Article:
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Action Imitation at 1½ Years Is Better Than Pointing Gesture in Predicting Late Development of Language Production at 3 Years of Age


  • The Norwegian Mother and Child Cohort Study is supported by the Norwegian Ministry of Health, NIH/NIEHS (NO-ES-75558), NIH/NINDS (1 UO1 NS 047537-01), and the Norwegian Research Council/FUGE (151918/S10). This study was supported by EXTRA funds from the Norwegian Foundation for Health and Rehabilitation (grant 2008/0003); it forms part of the first author's doctoral dissertation to be submitted at the University of Oslo.We thank the Language and Learning Group at the Norwegian Institute of Public Health; Anne Siri Øyen, Nina Stenberg, Heidi Aase, and Annett Kvaale for help with the content validity of the items; Patricia Eadie, Karina Corbett, and Anne Siri Øyen for commenting on the paper.

  • [Correction added on 10/19/2012, after first online publication 10/3/2012: The response categories of NVCC and ASQ items on p. 5 have been corrected to (yes or yes, usually / sometimes or rarely / not yet). Moreover, the references (Fenson et al., 1994; Fenson et al., 2007) have been corrected on p. 9 and 10.]

Correspondence concerning this article should be addressed to Imac M. Zambrana, The Norwegian Center for Child Behavioral Development, PO Box 7053, Majorstuen, 0306 Oslo, Norway. Electronic mail may be sent to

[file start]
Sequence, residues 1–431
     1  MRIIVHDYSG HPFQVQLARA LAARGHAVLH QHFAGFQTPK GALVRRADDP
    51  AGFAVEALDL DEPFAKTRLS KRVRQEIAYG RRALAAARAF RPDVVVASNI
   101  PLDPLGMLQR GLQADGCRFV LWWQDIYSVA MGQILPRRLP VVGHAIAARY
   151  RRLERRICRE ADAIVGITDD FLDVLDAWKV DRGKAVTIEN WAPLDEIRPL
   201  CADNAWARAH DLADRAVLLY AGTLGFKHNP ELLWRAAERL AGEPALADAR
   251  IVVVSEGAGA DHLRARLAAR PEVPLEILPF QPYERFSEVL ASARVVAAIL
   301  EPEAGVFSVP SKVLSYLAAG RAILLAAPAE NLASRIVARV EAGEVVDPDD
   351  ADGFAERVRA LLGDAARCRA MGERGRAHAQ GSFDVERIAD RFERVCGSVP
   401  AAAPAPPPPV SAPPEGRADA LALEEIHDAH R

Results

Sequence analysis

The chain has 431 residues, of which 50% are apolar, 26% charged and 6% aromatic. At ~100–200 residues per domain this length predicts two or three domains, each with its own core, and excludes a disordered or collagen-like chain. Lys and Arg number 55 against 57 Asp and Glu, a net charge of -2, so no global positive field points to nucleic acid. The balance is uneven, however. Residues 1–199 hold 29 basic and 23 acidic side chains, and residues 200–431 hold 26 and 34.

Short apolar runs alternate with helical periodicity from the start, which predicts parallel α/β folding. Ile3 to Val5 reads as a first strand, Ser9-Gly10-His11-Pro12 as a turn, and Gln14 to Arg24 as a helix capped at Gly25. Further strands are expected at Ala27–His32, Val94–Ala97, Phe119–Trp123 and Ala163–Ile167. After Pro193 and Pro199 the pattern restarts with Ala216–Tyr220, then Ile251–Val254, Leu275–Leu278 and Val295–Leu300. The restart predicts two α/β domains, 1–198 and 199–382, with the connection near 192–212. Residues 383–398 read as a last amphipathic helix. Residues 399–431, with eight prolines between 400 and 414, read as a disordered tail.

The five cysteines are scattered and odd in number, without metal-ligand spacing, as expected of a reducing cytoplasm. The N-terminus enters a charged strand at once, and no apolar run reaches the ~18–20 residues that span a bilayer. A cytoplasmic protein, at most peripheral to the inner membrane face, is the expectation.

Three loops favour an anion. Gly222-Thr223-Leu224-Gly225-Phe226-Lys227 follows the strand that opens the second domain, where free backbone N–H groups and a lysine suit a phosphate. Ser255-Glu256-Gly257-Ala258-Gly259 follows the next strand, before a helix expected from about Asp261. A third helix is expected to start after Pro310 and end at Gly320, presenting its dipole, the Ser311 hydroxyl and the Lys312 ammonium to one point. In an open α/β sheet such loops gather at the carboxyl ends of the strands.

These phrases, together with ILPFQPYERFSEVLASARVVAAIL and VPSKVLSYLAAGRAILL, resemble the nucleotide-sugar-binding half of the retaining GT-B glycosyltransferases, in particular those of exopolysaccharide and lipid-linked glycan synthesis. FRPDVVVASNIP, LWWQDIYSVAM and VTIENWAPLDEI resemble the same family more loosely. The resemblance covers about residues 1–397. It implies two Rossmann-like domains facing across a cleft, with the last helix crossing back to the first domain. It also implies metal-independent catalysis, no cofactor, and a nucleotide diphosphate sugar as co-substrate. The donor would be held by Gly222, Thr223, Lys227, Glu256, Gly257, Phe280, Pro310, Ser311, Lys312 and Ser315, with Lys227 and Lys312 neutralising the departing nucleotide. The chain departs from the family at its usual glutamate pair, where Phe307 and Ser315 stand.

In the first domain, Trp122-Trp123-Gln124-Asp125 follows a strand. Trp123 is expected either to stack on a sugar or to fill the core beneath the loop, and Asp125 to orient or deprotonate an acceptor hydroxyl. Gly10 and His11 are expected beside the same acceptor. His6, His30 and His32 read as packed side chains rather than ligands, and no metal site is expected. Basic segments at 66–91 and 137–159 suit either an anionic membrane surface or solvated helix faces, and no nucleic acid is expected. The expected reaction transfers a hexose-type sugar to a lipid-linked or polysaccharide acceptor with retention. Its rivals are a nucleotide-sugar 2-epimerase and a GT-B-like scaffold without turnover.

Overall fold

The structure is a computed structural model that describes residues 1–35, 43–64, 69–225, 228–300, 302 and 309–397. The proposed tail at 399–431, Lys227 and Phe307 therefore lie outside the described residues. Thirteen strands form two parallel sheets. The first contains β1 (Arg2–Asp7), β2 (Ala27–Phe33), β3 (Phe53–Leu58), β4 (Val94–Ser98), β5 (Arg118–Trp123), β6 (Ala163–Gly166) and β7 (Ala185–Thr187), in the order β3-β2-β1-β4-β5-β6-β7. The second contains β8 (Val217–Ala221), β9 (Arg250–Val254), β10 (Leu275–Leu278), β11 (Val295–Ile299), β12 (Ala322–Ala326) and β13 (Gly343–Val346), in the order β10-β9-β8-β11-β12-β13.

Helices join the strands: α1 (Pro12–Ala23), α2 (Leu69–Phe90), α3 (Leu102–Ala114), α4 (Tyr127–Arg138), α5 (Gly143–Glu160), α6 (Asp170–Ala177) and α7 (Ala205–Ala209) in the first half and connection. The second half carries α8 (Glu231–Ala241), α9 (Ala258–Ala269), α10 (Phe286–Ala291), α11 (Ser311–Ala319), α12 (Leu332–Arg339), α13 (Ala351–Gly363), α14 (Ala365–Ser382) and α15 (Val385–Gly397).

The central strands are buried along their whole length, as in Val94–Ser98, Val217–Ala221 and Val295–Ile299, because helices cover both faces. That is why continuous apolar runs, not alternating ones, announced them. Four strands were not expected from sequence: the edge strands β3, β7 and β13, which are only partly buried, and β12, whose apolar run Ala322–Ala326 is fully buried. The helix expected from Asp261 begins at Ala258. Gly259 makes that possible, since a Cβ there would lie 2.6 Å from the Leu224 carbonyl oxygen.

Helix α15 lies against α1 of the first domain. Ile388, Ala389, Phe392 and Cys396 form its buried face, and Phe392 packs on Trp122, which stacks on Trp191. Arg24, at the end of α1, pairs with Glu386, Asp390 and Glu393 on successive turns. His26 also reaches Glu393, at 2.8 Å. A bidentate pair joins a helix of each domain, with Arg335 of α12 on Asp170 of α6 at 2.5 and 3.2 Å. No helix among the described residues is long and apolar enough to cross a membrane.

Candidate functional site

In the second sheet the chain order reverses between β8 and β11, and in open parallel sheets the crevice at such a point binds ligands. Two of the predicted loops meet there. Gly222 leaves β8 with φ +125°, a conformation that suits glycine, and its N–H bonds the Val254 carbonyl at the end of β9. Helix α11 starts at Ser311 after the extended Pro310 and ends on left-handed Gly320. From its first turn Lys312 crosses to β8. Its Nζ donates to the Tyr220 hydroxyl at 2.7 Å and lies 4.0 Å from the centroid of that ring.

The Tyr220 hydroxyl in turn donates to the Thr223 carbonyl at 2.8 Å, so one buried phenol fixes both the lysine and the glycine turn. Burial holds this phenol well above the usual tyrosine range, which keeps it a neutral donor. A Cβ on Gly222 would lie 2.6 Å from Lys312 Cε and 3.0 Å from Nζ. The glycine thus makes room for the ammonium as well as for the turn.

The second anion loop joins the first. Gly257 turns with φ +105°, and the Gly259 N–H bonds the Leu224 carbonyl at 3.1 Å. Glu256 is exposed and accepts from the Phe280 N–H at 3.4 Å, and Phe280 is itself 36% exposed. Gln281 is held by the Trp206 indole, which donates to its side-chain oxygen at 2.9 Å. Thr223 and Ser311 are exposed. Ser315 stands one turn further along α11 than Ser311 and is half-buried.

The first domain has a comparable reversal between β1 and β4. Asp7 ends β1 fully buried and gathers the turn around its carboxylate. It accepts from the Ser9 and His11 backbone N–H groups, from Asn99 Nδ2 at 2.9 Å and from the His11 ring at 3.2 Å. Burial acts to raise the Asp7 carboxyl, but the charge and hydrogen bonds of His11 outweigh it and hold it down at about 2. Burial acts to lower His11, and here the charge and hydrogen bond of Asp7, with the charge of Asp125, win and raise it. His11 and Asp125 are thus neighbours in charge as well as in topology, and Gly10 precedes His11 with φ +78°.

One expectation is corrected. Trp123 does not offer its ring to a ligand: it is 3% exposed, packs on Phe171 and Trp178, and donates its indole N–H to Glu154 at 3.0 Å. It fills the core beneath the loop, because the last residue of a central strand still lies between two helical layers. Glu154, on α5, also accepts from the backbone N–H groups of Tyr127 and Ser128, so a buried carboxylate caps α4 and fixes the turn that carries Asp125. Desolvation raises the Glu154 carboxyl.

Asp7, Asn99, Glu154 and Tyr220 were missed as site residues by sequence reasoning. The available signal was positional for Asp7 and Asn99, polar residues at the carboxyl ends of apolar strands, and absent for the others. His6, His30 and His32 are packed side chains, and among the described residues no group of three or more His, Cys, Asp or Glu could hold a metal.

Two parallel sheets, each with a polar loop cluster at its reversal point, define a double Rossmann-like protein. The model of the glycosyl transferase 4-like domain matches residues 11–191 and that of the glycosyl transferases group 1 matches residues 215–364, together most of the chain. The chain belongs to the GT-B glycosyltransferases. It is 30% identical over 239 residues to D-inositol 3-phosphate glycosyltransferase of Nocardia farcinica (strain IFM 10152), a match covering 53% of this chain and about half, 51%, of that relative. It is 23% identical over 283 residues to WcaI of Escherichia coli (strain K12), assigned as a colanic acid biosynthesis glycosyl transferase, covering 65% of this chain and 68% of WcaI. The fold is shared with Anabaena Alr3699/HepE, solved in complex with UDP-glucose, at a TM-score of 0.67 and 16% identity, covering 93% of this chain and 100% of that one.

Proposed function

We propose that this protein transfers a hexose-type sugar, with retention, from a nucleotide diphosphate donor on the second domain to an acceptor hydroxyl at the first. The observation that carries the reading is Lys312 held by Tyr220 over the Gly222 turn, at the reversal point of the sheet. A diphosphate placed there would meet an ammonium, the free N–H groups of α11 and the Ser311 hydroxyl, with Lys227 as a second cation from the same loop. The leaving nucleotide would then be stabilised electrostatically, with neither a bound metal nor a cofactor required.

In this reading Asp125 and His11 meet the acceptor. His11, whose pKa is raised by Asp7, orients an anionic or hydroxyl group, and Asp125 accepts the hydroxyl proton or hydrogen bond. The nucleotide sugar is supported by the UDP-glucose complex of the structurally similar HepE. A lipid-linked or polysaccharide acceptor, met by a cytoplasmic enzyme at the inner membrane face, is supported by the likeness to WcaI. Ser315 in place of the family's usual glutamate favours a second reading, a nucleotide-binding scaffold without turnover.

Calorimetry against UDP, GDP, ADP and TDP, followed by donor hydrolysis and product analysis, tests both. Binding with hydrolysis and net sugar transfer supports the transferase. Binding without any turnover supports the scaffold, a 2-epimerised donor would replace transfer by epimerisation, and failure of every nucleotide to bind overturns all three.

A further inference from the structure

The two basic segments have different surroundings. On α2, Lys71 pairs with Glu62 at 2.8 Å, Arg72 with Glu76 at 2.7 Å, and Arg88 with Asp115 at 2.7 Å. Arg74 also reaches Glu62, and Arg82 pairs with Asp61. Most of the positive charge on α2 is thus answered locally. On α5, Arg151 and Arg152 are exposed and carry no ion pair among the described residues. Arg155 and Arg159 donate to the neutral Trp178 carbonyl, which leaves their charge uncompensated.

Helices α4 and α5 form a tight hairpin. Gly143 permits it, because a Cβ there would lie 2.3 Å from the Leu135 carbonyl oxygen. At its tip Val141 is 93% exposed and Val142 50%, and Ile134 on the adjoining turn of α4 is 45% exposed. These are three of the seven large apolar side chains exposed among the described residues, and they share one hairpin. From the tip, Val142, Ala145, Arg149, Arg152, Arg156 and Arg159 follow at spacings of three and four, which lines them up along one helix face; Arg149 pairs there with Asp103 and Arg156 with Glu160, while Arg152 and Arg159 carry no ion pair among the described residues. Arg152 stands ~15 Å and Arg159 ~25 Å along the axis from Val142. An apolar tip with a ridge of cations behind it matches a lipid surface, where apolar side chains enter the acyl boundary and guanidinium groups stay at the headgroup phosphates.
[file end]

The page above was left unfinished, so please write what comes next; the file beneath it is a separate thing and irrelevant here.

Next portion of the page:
This study examined whether poor pointing gestures and imitative actions at 18 months of age uniquely predicted late language production at 36 months, beyond the role of poor language at 18 months of age. Data from the Norwegian Mother and Child Cohort Study were utilized. Maternal reports of the children's nonverbal skills and language were gathered for 42,517 children aged 18 months and for 28,107 of the same children at 36 months. Panel analysis of latent variables revealed that imitative actions, language comprehension, and language production uniquely contributed to predicting late development of language production, while pointing gestures did not. It is suggested that the results can be explained by underlying symbolic representational skills at 18 months.